The Cuillins are the the dramatic hills of Skye, the island home of Talisker. Talisker House is the seat of the eldest son of the MacLeod clan and takes its name from the Norse name for the mountain Thalas Gair or Sloping Rock. The distillery is on the exposed west coast of the island, on the seaweedy shores of Loch Harport.
[The distillery was founded in 1830 by two doctor's sons, Hugh and Kenneth MacAskill]. After a number of false starts on other sites, the distillery was established in 1831 at Carbost and expanded in 1900 at which point it had its own pier, tramway and tied cottages. It even had its own currency, denominated in days worked]. In those days Robert Louis Stevenson ranked Talisker as a style on its own, comparable with the Islay and Glenlivet whiskies. It switched to double distillation in 1928 and was partly rebuilt in 1960 after a fire. It still retains the tradition of using wooden fermentation vats or washbacks. Water for the process comes from Hawk Hill, beside the distillery. The distillery has five stills (a relic from the days when all Talisker whisky went through triple distillation) and the wash stills are unusual in having U-shaped lye pipes to take the vapour. A small secondary pipe recycles some of the vapour back to the still. The wooden tubs for the condensors ('worms') are outside the building and survived the fire in 1960 courtesy of a last-minute change in the wind.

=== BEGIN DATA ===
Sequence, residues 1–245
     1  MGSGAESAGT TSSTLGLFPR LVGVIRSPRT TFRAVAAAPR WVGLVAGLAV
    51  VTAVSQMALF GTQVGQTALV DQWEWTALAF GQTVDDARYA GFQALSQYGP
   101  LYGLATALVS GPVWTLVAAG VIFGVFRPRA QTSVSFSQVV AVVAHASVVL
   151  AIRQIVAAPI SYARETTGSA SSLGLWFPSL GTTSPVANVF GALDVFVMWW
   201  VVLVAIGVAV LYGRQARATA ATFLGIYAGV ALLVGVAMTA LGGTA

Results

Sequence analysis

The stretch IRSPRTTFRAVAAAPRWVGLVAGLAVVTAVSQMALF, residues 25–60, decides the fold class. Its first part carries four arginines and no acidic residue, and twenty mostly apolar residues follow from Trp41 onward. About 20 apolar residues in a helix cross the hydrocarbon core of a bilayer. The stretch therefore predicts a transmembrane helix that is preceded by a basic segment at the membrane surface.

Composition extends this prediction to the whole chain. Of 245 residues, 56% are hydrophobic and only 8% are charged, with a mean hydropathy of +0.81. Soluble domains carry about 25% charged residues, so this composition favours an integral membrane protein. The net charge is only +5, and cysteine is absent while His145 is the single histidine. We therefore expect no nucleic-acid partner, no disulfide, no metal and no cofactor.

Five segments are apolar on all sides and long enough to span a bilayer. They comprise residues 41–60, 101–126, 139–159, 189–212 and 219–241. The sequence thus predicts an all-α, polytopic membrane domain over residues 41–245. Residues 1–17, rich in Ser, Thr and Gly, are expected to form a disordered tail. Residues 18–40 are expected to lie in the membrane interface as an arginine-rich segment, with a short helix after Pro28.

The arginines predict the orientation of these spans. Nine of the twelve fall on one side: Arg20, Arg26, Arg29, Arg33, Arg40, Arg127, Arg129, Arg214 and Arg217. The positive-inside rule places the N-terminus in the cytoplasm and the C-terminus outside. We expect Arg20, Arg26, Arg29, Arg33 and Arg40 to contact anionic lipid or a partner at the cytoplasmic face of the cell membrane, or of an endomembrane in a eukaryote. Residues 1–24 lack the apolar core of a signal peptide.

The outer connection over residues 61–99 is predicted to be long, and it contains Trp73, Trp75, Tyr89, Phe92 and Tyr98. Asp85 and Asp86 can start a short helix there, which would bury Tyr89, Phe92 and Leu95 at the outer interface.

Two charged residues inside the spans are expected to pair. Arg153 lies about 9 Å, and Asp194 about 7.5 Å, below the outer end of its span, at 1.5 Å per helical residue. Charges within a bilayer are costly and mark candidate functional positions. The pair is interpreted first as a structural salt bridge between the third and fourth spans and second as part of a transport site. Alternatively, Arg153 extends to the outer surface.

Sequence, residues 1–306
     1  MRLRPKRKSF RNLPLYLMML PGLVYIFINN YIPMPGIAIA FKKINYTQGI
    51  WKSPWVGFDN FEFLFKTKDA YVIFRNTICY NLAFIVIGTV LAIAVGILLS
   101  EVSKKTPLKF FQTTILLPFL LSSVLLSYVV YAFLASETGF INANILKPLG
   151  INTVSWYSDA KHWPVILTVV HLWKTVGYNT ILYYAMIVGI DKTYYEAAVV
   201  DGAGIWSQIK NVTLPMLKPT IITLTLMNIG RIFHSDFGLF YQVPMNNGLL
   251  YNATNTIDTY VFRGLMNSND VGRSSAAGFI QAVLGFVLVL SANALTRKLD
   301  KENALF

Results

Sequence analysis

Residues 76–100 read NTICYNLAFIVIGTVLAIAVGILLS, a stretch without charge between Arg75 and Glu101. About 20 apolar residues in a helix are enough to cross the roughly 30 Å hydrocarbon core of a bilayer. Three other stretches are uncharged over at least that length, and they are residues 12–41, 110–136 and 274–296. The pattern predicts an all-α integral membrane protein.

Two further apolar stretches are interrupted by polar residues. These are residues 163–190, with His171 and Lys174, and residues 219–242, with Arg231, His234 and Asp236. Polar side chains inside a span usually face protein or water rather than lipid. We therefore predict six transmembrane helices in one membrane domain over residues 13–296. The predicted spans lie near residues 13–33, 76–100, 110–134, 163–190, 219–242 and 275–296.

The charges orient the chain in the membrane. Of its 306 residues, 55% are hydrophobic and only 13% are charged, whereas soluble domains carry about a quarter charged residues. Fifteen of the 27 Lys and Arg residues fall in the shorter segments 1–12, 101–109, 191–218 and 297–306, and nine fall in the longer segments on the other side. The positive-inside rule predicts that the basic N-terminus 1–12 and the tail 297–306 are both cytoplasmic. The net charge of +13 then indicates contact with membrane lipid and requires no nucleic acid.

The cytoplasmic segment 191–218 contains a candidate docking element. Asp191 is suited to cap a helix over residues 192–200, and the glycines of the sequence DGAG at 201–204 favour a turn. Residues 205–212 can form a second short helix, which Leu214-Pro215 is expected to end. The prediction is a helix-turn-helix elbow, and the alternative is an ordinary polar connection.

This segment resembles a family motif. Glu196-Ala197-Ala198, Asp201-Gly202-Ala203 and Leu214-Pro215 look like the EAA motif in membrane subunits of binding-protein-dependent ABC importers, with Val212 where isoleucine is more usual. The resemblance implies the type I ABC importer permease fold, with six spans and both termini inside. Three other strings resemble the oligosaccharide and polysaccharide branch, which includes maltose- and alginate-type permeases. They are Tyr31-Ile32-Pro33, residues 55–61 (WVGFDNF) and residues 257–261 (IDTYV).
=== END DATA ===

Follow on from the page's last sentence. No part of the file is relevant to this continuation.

Talisker is the only distillery on Skye though the island is the home of a
company making a vatted malt called Poit Dhubh, and a blend, Te Bheag. Both are
said to contain some Talisker and you can find
an account of them and
other Gaelic whiskies in the Web pages of the
Sabhal Mor Ostaig
(the Gaelic college on Skye). A blended whisky called Islae of Skye is made
by the Edinburgh merchants Ian MacLeod & Co. The style of whisky liqueur
represented by Drambuie is said to have originated on Skye though that product
is now made in Edinburgh by a family-owned company.
A copy of United Distillers' own illustrated pamphlet about Talisker can be found here and there is further UD-orientated material in their scotch.com InfoCenter, here
(Hit the "next" button to join a tour of the other island distilleries)
Carbost, Isle of Skye, IV47 8SE
40 yr old, 102 proof
Perhaps the best malt of the trip. Unbelievable depth and character. A finish that left a pleasant memory for HOURS after my last sip. The perfect combination of all the elements of malt: smoke, peat, smoothness. Did not need to be diluted, despite the high proof; perhaps some of the alcohol had evaporated over the years? [lh]
Hear "Talisker" pronounced in AU or WAV format
Search Dr. Do'g's index for the history of Talisker
There just might be some news about Talisker in The "Scotsman" newspaper